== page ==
Air and Surface Mold Testing are used to detect mold including black mold in areas suspected to be contaminated as discovered during a Mold Inspection.
The samples we collect are sent to an accredited laboratory we trust for analysis to determine whether they do contain mold, and if so, the types and amounts of mold present. It is important to know the species of molds that are present in your home because some species like Stachybotrys, Aspergillus/Penicillium, Chaetomium, Cladosporium and Wallemia can be very dangerous to humans and animals.
If you, or a member of your family, is known to be allergic to indoor allergens and has symptoms of wheezing, asthma, rhinitis or eczema, testing your home for dust mite allergens is useful to check if you have significant exposure. Dust mites do not transmit diseases but can be highly allergenic.
We test for mite allergens in the home by collecting bed or carpet dust samples for analysis. The report provides the most precise and accurate levels of exposure to the eight most common indoor allergens.
Chemicals & VOC
VOCs are volatile organic compounds, an umbrella term for over 10,000 chemical compounds that may be found in your indoor air. Where do these VOCs come from? Cleaning products and personal care products often give off VOCs. Most fragrances from air fresheners and perfumes are VOCs. Although these chemicals are organic, don’t be fooled into thinking they are harmless. Some VOCs such as formaldehyde, benzene, and methylene chloride are classified as carcinogens- cancer-causing substances. The health effects of VOCs depend on the type of VOC, it’s concentration, the duration of exposure, and any chemical sensitivities occupants may have.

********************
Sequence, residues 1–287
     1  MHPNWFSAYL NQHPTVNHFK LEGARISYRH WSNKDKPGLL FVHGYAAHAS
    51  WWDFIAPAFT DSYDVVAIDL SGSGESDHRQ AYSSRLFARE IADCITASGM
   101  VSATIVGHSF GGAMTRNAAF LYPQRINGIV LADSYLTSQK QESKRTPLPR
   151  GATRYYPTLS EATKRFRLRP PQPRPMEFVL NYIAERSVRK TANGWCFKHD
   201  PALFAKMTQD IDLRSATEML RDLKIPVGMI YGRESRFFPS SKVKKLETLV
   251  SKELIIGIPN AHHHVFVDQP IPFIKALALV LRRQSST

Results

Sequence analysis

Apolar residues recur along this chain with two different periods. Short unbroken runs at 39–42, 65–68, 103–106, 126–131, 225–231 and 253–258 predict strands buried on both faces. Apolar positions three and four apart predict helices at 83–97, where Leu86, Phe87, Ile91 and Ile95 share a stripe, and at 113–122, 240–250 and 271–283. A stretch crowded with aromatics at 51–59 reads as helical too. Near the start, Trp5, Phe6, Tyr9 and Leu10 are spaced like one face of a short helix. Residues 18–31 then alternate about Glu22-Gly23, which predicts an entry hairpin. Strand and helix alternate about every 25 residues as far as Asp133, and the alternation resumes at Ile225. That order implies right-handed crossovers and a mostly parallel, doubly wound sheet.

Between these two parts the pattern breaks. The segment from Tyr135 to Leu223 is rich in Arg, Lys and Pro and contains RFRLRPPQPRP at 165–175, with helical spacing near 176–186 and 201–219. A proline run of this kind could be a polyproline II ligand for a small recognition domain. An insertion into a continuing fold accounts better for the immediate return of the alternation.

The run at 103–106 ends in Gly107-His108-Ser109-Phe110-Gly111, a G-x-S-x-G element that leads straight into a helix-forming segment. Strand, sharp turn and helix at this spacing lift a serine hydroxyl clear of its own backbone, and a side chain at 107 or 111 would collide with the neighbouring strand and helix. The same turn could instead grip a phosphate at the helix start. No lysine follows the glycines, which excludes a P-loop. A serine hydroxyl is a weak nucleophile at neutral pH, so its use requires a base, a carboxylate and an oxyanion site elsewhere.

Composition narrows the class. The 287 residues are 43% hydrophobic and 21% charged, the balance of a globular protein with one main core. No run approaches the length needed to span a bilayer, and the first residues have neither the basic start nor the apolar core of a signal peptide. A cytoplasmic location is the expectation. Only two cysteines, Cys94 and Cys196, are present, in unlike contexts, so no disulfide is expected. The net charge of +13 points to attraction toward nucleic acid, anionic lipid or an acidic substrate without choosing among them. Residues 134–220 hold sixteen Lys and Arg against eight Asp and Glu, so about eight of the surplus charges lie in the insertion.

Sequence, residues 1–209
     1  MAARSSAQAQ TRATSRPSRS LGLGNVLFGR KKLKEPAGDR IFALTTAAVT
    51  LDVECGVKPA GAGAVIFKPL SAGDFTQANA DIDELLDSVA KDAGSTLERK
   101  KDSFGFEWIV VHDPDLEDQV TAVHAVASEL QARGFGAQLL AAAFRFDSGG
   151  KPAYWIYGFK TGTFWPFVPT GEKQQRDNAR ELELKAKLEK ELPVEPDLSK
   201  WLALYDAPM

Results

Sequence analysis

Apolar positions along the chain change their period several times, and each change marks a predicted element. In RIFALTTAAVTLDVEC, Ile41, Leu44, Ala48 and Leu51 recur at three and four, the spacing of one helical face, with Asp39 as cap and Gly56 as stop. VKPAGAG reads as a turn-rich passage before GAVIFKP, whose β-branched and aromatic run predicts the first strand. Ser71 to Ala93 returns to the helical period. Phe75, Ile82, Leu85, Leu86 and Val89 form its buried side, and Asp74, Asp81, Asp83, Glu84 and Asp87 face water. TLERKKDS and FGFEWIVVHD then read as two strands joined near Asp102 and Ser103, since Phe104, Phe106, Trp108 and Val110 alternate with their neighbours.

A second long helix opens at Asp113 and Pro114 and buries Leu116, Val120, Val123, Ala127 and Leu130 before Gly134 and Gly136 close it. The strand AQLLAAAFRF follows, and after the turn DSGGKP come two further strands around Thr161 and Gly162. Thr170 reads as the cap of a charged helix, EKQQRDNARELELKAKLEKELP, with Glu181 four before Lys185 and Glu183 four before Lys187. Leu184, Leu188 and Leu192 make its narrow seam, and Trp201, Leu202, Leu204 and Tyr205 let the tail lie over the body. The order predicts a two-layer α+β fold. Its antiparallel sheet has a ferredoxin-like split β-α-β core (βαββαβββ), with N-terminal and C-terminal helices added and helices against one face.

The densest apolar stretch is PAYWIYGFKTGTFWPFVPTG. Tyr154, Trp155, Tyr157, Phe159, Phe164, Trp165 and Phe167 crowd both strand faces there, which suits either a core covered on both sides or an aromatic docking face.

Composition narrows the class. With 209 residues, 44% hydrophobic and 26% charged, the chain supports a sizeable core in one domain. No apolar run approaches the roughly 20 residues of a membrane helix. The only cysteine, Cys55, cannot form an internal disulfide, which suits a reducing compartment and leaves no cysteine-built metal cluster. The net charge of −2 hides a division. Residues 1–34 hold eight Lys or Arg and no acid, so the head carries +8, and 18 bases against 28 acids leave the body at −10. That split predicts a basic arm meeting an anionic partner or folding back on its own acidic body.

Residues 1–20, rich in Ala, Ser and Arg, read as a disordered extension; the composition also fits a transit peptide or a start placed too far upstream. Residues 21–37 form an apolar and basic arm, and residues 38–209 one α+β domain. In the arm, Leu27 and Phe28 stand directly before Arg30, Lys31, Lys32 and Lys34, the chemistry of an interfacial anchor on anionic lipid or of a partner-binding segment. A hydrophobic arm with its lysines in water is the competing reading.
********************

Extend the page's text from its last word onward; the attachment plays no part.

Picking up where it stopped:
Many people test for VOCs following a renovation project. The VOCs found in building materials, furnishings, and finishes can result in elevated concentrations. Spray foam insulation, paint, carpeting, floor finishes, cabinetry, and new furniture can all off-gas a high concentration of VOCs. Unfortunately, you cannot accurately rely on your sense of smell to determine the level of VOCs present.
When a pregnancy comes, parents often paint a bedroom, buy new furniture, install new carpeting, and other activities that add VOCs to the nursery. We often do air quality testing for VOCs in these homes because pregnant women and fetuses are vulnerable to chemicals, especially endocrine disruptors.